What Do Paul Manafort and Jefferson Davis Have in Common?

Davis used pity to accomplish a political goal. Can Manafort do the same?

Jefferson Davis in his Fort Monroe cell. Source: Wikimedia

There was an unexpected development last week in the ongoing saga of Paul Manafort and the Russia investigation. After nearly two years of terrible news, Manafort received a shocking reprieve: he was sentenced to only four years in prison in his fraud case in the Eastern District of Virginia. The judge in that case, Judge T.S. Ellis, handed down the 47-month decision while stating that Manafort had lived an otherwise “blameless” life before the case. Several observers, most notably Franklin Foer of the Atlantic, subsequently noted the many, many potential crimes and underhanded dealings that Manafort has engaged in over the past four decades, most notably representing some of the 20th century’s most brutal dictators.

Immediately after the decision, rumors flurried as to why the judge gave a light sentence. Was it his political background? His perception of the Manafort case as a way to progress the Mueller investigation? Or maybe Ellis simply did not see anything wrong with Manafort’s actions, given the general views of white collar crime in the United States justice system? Yet another theory centered around a more basic aspect of the sentencing hearing: Manafort’s appearance. Manafort arrived to court in a wheelchair, and his lawyers detailed many of his medical maladies before the sentence was handed down. As an observer on Twitter quipped, “In a final bid for sympathy, Paul Manafort has been wheeled into his sentencing hearing in a wheelchair. Apparently a hospital gurney was unavailable.”

Manafort would certainly not have been the first to use pity as part of a public relations defense. A long list of prominent defendants have appeared in court in a disheveled or sickly manner to win sympathy from a judge. One of the most famous of these defendants, the former president of the Confederacy, used pity so well before his trial that many still see him as a martyr even to this day.

At the end of the Civil War, former Confederate president Jefferson Davis was arrested and handed over to federal officials at Fort Monroe near the Virginia city of Hampton. Davis was held for two years in a casemate at the fort. He was tended to by Army physician John J. Craven, who grew close to Davis and took detailed notes of his confinement. Davis was eventually released on bail in 1867 and never faced trial.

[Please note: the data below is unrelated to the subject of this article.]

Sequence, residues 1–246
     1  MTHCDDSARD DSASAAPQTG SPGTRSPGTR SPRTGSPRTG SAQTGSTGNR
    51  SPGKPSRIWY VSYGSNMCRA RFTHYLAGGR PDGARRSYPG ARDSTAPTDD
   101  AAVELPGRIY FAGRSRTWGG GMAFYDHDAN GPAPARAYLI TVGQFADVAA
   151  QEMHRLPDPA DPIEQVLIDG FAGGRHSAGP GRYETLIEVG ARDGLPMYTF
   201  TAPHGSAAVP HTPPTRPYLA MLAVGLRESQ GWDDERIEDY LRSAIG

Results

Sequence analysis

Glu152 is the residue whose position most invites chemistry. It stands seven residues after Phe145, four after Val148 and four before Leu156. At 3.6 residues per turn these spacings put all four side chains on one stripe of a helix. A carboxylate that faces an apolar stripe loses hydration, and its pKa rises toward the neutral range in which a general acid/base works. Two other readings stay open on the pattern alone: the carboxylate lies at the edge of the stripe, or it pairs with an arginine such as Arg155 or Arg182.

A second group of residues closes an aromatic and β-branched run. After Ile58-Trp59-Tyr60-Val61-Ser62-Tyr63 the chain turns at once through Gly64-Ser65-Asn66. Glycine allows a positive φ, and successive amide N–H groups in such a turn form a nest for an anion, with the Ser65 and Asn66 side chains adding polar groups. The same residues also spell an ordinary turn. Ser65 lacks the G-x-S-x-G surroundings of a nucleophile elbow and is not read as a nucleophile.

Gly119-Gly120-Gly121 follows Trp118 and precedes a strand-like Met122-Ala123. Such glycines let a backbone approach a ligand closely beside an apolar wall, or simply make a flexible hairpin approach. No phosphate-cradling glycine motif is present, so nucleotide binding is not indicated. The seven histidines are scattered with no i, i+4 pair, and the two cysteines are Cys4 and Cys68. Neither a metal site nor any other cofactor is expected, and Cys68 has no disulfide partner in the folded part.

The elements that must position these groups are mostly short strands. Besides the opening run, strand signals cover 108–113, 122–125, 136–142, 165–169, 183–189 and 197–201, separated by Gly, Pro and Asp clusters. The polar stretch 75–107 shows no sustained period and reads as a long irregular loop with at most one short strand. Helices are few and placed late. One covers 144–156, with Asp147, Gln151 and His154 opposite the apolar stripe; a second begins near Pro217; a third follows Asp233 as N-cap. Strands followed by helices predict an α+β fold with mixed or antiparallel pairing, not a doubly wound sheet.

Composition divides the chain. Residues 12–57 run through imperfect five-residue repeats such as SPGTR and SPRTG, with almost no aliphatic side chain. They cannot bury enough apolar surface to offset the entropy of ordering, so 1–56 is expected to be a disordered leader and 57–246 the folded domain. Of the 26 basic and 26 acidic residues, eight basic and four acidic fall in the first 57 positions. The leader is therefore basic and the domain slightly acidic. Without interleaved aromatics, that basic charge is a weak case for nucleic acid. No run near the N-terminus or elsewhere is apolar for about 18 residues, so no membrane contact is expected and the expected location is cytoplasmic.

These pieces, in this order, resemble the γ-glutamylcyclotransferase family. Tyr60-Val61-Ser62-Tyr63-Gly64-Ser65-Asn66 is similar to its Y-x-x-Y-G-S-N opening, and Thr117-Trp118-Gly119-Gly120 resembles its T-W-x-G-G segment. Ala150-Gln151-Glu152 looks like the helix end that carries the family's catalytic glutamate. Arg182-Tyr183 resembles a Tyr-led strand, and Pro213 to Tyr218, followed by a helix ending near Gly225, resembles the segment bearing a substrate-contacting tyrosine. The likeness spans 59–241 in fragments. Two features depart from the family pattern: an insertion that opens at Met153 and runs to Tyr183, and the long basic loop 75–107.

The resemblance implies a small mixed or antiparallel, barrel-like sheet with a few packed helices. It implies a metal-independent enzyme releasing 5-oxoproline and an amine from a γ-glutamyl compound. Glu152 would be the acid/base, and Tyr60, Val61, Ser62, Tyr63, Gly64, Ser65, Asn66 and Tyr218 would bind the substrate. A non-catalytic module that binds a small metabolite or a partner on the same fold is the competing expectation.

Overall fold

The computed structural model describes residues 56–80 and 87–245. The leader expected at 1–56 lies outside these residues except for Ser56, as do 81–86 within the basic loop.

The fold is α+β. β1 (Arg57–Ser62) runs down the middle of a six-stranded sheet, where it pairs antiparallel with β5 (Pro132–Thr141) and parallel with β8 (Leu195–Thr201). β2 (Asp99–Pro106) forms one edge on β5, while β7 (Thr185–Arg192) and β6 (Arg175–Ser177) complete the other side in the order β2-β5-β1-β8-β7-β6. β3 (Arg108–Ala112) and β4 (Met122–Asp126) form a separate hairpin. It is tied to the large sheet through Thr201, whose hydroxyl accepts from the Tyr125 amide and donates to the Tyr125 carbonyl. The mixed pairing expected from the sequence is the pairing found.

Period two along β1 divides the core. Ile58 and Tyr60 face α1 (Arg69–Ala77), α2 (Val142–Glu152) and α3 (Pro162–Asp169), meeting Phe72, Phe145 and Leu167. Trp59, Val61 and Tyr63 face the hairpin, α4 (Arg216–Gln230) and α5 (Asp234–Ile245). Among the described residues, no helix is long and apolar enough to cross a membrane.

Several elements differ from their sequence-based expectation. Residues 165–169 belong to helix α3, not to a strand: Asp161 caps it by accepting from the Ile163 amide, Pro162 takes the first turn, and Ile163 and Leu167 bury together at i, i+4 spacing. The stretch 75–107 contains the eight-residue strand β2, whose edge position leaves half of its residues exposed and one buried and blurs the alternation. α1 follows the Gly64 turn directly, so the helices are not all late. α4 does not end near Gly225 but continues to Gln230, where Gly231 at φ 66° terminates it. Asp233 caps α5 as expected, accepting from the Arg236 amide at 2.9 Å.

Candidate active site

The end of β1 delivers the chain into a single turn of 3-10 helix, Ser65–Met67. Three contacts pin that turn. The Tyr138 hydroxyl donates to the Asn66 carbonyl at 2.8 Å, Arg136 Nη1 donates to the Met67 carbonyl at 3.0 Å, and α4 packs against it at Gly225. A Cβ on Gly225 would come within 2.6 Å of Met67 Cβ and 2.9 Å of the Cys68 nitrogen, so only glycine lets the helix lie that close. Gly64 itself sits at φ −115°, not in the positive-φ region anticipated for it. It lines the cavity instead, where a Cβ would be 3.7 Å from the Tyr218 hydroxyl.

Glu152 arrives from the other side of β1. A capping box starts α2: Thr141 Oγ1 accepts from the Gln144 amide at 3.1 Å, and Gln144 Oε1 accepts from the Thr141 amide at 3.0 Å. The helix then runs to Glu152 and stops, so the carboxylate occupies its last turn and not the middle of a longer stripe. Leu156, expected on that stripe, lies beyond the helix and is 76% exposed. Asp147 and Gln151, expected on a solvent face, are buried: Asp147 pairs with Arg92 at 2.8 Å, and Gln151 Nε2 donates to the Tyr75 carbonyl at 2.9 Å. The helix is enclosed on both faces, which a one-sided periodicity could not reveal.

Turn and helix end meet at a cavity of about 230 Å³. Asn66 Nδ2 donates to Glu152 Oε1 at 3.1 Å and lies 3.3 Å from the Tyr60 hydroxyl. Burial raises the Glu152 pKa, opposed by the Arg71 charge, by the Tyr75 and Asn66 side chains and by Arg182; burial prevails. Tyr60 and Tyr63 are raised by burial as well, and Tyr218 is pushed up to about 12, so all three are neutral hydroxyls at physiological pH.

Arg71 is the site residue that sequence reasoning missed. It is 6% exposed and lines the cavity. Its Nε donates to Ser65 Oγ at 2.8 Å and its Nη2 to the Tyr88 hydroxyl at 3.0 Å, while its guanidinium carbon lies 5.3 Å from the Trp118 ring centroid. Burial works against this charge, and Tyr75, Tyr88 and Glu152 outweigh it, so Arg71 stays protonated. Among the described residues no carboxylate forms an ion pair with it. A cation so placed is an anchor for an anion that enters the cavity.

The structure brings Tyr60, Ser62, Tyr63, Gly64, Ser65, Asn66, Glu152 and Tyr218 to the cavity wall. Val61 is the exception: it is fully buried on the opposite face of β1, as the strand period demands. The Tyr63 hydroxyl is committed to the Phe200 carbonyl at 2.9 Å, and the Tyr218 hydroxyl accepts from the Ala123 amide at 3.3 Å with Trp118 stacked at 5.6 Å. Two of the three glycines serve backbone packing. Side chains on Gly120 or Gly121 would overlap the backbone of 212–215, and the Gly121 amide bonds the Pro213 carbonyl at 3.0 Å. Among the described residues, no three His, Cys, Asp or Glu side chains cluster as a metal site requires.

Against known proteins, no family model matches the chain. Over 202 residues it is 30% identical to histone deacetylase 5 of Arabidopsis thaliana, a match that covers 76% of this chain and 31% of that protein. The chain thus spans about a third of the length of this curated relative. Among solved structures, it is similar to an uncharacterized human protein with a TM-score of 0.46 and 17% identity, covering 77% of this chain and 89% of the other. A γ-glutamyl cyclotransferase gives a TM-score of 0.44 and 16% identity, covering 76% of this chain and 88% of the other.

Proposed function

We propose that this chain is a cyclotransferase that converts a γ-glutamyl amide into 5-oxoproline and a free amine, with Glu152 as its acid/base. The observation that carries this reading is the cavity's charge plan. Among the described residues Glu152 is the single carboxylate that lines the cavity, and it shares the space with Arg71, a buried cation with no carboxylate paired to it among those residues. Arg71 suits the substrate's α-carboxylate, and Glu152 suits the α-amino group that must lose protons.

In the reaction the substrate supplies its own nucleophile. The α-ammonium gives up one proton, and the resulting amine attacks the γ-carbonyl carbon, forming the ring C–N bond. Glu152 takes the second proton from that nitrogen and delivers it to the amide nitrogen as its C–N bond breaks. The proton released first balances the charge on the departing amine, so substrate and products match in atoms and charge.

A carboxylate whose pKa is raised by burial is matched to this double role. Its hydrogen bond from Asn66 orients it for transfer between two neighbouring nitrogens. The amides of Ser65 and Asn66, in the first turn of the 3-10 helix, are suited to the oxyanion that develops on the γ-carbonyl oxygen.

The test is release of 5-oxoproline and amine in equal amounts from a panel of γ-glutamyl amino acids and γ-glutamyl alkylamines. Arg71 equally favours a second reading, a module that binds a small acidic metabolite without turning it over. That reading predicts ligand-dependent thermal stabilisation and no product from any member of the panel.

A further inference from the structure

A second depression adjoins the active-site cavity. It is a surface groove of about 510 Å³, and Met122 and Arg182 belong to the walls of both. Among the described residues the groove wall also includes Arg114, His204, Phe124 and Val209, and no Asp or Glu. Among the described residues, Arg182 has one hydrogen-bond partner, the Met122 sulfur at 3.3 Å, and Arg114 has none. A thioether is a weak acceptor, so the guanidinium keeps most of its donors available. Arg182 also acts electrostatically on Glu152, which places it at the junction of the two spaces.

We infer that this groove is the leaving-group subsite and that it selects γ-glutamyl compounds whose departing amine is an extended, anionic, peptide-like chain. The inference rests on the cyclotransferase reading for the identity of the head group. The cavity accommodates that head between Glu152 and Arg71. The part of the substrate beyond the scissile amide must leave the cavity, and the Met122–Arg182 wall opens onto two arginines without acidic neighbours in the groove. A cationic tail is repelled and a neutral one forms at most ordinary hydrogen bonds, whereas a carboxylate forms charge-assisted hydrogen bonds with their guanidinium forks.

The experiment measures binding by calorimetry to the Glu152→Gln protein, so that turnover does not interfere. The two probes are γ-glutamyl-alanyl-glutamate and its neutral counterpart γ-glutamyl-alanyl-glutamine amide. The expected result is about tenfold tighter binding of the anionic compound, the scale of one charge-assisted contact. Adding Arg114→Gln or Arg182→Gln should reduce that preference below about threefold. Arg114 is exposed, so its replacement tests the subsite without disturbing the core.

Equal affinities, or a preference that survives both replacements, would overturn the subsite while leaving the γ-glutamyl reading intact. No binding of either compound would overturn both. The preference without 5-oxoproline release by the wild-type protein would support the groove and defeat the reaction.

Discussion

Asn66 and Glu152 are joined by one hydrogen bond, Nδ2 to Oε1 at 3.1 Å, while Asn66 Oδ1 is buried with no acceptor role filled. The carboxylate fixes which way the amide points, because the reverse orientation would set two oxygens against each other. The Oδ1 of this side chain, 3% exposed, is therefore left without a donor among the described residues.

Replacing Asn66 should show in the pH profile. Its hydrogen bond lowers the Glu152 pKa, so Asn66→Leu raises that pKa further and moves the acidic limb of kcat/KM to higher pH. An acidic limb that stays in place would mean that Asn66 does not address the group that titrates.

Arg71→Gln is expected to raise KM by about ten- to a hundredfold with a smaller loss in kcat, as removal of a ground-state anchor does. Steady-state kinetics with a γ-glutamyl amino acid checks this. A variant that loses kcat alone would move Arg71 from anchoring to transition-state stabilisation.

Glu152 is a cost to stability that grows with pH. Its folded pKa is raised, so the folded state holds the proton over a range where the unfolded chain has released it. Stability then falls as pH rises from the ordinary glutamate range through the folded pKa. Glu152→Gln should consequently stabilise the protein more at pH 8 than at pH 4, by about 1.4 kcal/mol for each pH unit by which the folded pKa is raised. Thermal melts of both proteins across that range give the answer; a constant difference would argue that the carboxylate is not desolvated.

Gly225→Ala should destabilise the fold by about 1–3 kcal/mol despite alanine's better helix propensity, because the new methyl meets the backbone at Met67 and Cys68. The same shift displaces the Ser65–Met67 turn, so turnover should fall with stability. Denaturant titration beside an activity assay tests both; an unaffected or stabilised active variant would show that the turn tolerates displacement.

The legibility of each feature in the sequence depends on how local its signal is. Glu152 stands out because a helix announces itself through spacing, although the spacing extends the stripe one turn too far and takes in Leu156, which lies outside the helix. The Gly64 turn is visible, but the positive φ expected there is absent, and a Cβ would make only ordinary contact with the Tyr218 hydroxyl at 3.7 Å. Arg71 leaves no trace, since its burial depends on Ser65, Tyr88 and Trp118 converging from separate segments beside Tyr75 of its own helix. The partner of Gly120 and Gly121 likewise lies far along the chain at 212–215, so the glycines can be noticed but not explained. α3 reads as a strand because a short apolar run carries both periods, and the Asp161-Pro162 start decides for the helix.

But in 1866, Dr. Craven published a book on Davis’s confinement that caught the attention of the nation. Craven described Davis as in ill health and receiving poor treatment compared with others near his rank. The doctor reported that Davis was held in iron shackles, a dramatic restraint for a man Craven described as frail and elderly.

At first, Davis disputed the details of the book and marked up all of its mistakes and exaggerations in private. But as the months went on, the story of Davis’s supposedly poor treatment became well known and enormously influential throughout the country. It became a basis for the myth of the Lost Cause, with Davis serving as a martyr and suffering so that the South could eventually be redeemed. As Southern historian Frank E. Vandiver wrote, “[Jefferson Davis] gathered all [the South’s] wartime sins to himself and became the one great symbol of treason and waste, a symbol accepted by the North and the world.” Instead of being the leader who lost the war, pity turned Davis into a monumental, well-respected figure once again. As a result, Davis never publicized his criticisms of Craven.

Manafort is attempting to use his public appearances to create the same sort of firestorm that surrounded Craven and Davis. He wants to appear as a sickly, sympathetic figure, both to appease judges and to angle for a pardon. But the differences between Manafort and Davis are stark. Jefferson Davis had been the president of the Confederacy and had actually been confined to the casemate at Fort Monroe. He could become a martyr because his story could be connected to the experience of millions of Southerners in the four years of the war. Paul Manafort is a grifter with no natural constituency, one who is reviled by the left and has been abandoned by conservatives trying to distance him from Trump. He may have possibly convinced one judge of his frailty, but he won’t convince the nation.

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